Opinion

Felix Salmon

Counterparties: Apple’s “headaches”

September 24, 2012

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The most telling quote about Apple’s recent stumbles didn’t come from CEO Tim Cook. It came last month from Terry Gou, the chairman of Apple manufacturer Foxconn. Discussing the rise of robots in production Gou said: “As human beings are also animals, to manage one million animals gives me a headache”.

If you’ve been in a coma, Apple’s “animals” have been quite productive lately: The iPhone 5 came out last week, selling some 5 million phones in three days. In a few years, Apple could very well be the first company valued at $1 trillion. But, yes, there have been “headaches”. Riots shut down Foxconn’s factory in the Chinese city of Taiyuan on Monday. Reuters reported that at least 40 people were hospitalized, and 5,000 police were dispatched — though it’s unclear if the riot came from a fight among workers or in a clash with guards. Engadget’s Richard Lai has pictures.

A reporter from the Shanghai Evening Post recently went undercover in the Taiyuan plant and, if this rough translation from Micgadget is accurate, got to experience what it’s like to produce an iPhone 5:

An iPhone 5 back-plate run through in front of me almost every 3 seconds. I have to pickup the back-plate and marked 4 position points using the oil-based paint pen and put it back on the running belt swiftly within 3 seconds with no errors. After such repeat action for several hours, I have terrible neckache and muscle pain on my arm… We worked non-stop from midnight to the next morning 6 a.m but were still asked to keep on working as the production line is based on running belt and no one is allowed to stop. I’m so starving and fully exhausted.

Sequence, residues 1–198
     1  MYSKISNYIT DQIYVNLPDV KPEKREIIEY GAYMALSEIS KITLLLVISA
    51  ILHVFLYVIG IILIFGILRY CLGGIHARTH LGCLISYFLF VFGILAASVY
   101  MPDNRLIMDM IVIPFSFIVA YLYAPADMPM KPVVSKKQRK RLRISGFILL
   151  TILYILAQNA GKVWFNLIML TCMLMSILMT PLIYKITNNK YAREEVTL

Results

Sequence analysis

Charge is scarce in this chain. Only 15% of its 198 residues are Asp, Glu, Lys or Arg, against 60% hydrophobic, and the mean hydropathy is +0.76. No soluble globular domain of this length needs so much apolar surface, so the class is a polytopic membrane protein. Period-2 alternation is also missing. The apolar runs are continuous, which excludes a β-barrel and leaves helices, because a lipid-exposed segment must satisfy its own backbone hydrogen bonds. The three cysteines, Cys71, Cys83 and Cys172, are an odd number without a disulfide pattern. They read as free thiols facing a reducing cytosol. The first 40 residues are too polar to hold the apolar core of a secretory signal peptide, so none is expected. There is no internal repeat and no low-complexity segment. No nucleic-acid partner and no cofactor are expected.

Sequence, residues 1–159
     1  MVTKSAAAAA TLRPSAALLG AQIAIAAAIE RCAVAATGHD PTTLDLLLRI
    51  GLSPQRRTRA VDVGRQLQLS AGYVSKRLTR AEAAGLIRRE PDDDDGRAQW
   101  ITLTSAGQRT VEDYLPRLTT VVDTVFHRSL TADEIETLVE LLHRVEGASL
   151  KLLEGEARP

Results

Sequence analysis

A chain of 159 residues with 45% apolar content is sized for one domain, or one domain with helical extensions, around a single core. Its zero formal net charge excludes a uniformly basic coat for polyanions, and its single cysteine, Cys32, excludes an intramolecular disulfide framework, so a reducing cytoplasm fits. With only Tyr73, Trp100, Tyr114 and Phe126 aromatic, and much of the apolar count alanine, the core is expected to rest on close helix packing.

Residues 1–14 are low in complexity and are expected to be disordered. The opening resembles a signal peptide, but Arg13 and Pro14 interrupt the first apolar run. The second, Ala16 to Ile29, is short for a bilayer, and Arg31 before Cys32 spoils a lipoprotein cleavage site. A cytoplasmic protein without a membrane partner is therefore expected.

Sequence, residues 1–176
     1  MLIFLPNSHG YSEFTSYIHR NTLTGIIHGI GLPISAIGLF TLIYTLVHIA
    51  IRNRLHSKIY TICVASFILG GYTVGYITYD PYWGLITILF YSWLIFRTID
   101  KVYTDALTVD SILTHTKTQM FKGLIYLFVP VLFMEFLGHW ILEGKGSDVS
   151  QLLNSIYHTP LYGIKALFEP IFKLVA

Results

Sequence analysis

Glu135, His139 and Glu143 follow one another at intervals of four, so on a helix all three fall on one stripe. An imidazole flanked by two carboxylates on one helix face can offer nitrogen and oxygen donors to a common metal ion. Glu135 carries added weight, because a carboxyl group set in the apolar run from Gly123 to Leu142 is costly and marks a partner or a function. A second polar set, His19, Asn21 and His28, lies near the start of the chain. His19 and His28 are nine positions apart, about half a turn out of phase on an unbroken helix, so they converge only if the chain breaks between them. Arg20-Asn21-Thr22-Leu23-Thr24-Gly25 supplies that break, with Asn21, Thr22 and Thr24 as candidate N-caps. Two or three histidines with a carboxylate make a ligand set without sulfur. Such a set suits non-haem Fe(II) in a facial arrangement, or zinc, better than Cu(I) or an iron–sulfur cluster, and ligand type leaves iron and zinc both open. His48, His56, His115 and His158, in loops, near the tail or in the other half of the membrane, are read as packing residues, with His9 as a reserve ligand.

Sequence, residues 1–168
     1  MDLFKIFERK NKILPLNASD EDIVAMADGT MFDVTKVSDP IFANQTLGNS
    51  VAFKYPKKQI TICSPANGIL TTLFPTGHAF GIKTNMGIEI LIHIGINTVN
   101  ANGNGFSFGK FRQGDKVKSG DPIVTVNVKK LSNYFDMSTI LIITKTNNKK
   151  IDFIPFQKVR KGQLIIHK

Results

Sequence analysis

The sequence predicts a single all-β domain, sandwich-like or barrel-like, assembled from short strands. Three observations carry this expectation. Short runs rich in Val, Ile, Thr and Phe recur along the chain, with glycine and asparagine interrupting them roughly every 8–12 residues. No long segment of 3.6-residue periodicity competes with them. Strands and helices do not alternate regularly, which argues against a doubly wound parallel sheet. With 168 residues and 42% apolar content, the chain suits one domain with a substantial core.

Apple is struggling to meet demand for their latest phone, but it’s also struggling to manage its users’ expectations. If you were puzzled to have your iPhone tell you that Las Vegas has melted, you’re likely familiar with the well-documented problems with its new maps program. To Anil Dash, Apple’s ditching of Google maps for its own undercooked program shows blatant disregard for users: “Given that Apple has a bigger cash hoard than the vast majority of countries, it seems as if this is more an issue of priorities than resource constraints”. Joe Nocera, for his part, wonders if Apple has peaked.

Kontra at Counternotions – nice blog name, by the way — suggests another answer: With nearly half a billion users, Apple simply has us all at its mercy. We’ll just have to wait for Apple to wow us with a better product. “Apple has a justifiable fear of key third parties dictating terms and hindering its rate of innovation,” he writes, adding, “Yes, Apple’s evil”. — Ryan McCarthy

On to today’s links:

New Normal
How climate change is reshaping Greenland’s economy (and its culture) - NYT
Free checking is getting more expensive - WSJ

China
China’s car obsession is creating “weapons of mass urban destruction” - FP

Terrifying
US surgeons operate on the wrong body part as often as 40 times a week - WSJ

The Fed
You really, really don’t need to rush to buy a home - Pragmatic Capitalism
Goldman: QE3 could total up to $2 trillion and last until 2016 - Calculated Risk

Proto-Crisis
Japan’s problem: debt “backed only by an aging, shrinking population of taxpayers” - Peter Boone and Simon Johnson

Servicey
Having sex once a week rather than month is the “happiness equivalent” of earning an extra $50,000 - Guardian